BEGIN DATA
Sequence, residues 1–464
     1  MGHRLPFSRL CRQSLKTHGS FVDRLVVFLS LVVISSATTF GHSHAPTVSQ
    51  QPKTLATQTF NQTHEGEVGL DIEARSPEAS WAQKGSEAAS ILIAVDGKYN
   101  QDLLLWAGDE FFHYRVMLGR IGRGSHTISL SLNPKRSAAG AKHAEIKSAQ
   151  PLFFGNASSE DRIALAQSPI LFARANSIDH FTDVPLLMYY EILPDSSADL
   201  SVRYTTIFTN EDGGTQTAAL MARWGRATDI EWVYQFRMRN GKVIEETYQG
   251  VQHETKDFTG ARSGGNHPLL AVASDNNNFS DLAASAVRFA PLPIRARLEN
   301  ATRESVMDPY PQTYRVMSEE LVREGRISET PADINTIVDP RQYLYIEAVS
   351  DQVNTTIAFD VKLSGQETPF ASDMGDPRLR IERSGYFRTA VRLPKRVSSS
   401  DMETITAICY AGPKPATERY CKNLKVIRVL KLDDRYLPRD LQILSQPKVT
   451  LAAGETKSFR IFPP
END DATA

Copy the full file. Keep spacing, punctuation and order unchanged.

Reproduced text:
Sequence, residues 1–464
     1  MGHRLPFSRL CRQSLKTHGS FVDRLVVFLS LVVISSATTF GHSHAPTVSQ
    51  QPKTLATQTF NQTHEGEVGL DIEARSPEAS WAQKGSEAAS ILIAVDGKYN
   101  QDLLLWAGDE FFHYRVMLGR IGRGSHTISL SLNPKRSAAG AKHAEIKSAQ
   151  PLFFGNASSE DRIALAQSPI LFARANSIDH FTDVPLLMYY EILPDSSADL
   201  SVRYTTIFTN EDGGTQTAAL MARWGRATDI EWVYQFRMRN GKVIEETYQG
   251  VQHETKDFTG ARSGGNHPLL AVASDNNNFS DLAASAVRFA PLPIRARLEN
   301  ATRESVMDPY PQTYRVMSEE LVREGRISET PADINTIVDP RQYLYIEAVS
   351  DQVNTTIAFD VKLSGQETPF ASDMGDPRLR IERSGYFRTA VRLPKRVSSS
   401  DMETITAICY AGPKPATERY CKNLKVIRVL KLDDRYLPRD LQILSQPKVT
   451  LAAGETKSFR IFPP